Succinylcholine, or Suxamethonium chloride, is an 'interesting choice' for this kind or purpose.
As a muscle relaxant with a relatively short duration it will paralyse the victim, cause breathing to stop and then death. Depending on dosage and wether your perpetrator carries a breathing apparatus for mechanical ventilation with him.
If the victim remains conscious she will feel extremely helpless and terrified on the psychological side. Physical reactions during or afterwards might include:
- Signs of an allergic reaction, like rash; hives; itching; red, swollen, blistered, or peeling skin with or without fever; wheezing; tightness in the chest or throat; trouble breathing or talking; unusual hoarseness; or swelling of the mouth, face, lips, tongue, or throat.
- Signs of a high potassium level like a heartbeat that does not feel normal; - change in thinking clearly and with logic; feeling weak, lightheaded, or dizzy; feel like passing out; numbness or tingling; or shortness of breath.
- Slow heartbeat.
- Very bad dizziness or passing out.
- Very bad headache.
- Muscle pain.
- Not able to pass urine or change in how much urine is passed.
- A heartbeat that does not feel normal.
- Chest pain or pressure.
- More eye pressure.
- Trouble breathing, slow breathing, or shallow breathing.
- This medicine may cause a very bad and sometimes deadly problem called malignant hyperthermia. Call your doctor right away if you have a fast heartbeat, fast breathing, fever, or spasm or stiffness of the jaw muscles.
(From: drugs.com/succinylcholine more personal "review" stories found here)
But the fun doesn't stop there. From
Generic Name: succinylcholine chloride
Brand Name: Anectine:
The average dose required to produce neuromuscular blockade and to facilitate tracheal intubation is 0.6 mg/kg ANECTINE (succinylcholine chloride) Injection given intravenously. The optimum dose will vary among individuals and may be from 0.3 to 1.1 mg/kg for adults. Following administration of doses in this range, neuromuscular blockade develops in about 1 minute; maximum blockade may persist for about 2 minutes, after which recovery takes place within 4 to 6 minutes. However, very large doses may result in more prolonged blockade. A 5- to 10-mg test dose may be used to determine the sensitivity of the patient and the individual recovery time. […] The dose of succinylcholine administered by infusion depends upon the duration of the surgical procedure and the need for muscle relaxation. The average rate for an adult ranges between 2.5 and 4.3 mg per minute.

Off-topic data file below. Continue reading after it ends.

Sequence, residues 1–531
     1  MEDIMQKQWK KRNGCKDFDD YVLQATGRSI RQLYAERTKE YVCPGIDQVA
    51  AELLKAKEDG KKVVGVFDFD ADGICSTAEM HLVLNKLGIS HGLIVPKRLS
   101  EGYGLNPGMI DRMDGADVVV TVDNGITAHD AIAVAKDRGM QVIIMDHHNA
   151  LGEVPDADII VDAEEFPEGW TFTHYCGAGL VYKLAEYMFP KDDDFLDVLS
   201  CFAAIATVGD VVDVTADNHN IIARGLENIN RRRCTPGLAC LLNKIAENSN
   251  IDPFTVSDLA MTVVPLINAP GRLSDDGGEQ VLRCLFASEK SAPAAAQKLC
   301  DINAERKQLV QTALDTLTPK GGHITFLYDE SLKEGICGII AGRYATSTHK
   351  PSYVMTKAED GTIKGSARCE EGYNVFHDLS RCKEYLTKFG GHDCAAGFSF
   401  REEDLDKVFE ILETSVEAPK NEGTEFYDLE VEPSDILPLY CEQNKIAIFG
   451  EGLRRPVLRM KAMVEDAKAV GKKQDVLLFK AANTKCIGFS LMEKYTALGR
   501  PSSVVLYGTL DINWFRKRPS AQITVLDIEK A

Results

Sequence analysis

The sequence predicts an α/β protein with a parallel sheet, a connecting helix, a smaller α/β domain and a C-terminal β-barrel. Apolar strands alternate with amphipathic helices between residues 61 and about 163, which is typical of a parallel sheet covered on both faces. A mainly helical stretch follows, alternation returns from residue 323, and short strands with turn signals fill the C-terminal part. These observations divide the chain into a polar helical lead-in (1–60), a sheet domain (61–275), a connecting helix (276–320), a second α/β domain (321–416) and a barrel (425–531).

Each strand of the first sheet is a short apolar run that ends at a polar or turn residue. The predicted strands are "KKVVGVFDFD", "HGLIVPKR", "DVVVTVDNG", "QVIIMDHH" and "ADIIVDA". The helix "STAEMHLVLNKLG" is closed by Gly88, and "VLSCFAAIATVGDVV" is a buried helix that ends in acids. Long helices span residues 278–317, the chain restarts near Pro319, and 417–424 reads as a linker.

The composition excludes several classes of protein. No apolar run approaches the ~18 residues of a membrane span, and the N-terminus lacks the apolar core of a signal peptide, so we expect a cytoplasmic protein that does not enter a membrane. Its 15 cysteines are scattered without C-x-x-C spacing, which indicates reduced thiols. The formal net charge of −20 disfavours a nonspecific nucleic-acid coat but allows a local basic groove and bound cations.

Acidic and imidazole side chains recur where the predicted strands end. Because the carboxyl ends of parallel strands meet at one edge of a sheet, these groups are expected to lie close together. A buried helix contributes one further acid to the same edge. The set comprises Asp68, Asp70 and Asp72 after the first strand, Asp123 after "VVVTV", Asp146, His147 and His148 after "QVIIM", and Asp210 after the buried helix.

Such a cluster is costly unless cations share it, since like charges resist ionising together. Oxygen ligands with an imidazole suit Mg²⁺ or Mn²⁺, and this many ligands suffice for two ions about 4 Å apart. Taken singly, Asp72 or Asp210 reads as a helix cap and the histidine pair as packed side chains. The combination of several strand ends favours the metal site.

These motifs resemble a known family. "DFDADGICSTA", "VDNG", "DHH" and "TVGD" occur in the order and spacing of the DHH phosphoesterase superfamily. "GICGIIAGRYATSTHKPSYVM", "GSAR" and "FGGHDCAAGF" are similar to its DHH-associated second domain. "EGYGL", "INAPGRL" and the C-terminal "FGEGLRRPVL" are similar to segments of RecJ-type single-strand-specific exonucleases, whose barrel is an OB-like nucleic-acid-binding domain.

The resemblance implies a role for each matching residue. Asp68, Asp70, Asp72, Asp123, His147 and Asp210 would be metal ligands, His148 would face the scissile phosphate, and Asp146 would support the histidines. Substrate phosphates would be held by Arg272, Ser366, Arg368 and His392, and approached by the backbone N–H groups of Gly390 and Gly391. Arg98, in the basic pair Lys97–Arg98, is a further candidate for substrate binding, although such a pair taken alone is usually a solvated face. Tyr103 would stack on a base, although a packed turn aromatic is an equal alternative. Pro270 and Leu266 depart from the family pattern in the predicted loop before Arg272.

Adverse reactions to succinylcholine consist primarily of an extension of its pharmacological actions. Succinylcholine causes profound muscle relaxation resulting in respiratory depression to the point of apnea; this effect may be prolonged. Hypersensitivity reactions, including anaphylaxis, may occur in rare instances. The following additional adverse reactions have been reported: cardiac arrest, malignant hyperthermia, arrhythmias, bradycardia, tachycardia, hypertension, hypotension, hyperkalemia, prolonged respiratory depression or apnea, increased intraocular pressure, muscle fasciculation, jaw rigidity, postoperative muscle pain, rhabdomyolysis with possible myoglobinuric acute renal failure, excessive salivation, and rash.
There have been post-marketing reports of severe allergic reactions (anaphylactic and anaphylactoid reactions) associated with use of neuromuscular blocking agents, including ANECTINE (succinylcholine chloride) . These reactions, in some cases, have been life-threatening and fatal. Because these reactions were reported voluntarily from a population of uncertain size, it is not possible to reliably estimate their frequency
SUCCINYLCHOLINE SHOULD BE USED ONLY BY THOSE SKILLED IN THE MANAGEMENT OF ARTIFICIAL RESPIRATION AND ONLY WHEN FACILITIES ARE INSTANTLY AVAILABLE FOR TRACHEAL INTUBATION AND FOR PROVIDING ADEQUATE VENTILATION OF THE PATIENT, INCLUDING THE ADMINISTRATION OF OXYGEN UNDER POSITIVE PRESSURE AND THE ELIMINATION OF CARBON DIOXIDE. THE CLINICIAN MUST BE PREPARED TO ASSIST OR CONTROL RESPIRATION.
TO AVOID DISTRESS TO THE PATIENT, SUCCINYLCHOLINE SHOULD NOT BE ADMINISTERED BEFORE UNCONSCIOUSNESS HAS BEEN INDUCED. IN EMERGENCY SITUATIONS, HOWEVER, IT MAY BE NECESSARY TO ADMINISTER SUCCINYLCHOLINE BEFORE UNCONSCIOUSNESS IS INDUCED.
SUCCINYLCHOLINE IS METABOLIZED BY PLASMA CHOLINESTERASE AND SHOULD BE USED WITH CAUTION, IF AT ALL, IN PATIENTS KNOWN TO BE OR SUSPECTED OF BEING HOMOZYGOUS FOR THE ATYPICAL PLASMA CHOLINESTERASE GENE.
In conclusion: this will not work very well. Relatively safe and effective in the hands of experts and the right setting, in a criminal plan this will lead to disaster if the plan didn't involve sending the kidnapping victim back in pieces from the start. If you insist on using this drug: for similar effects you might look at curare's effects, which might be easier to come by.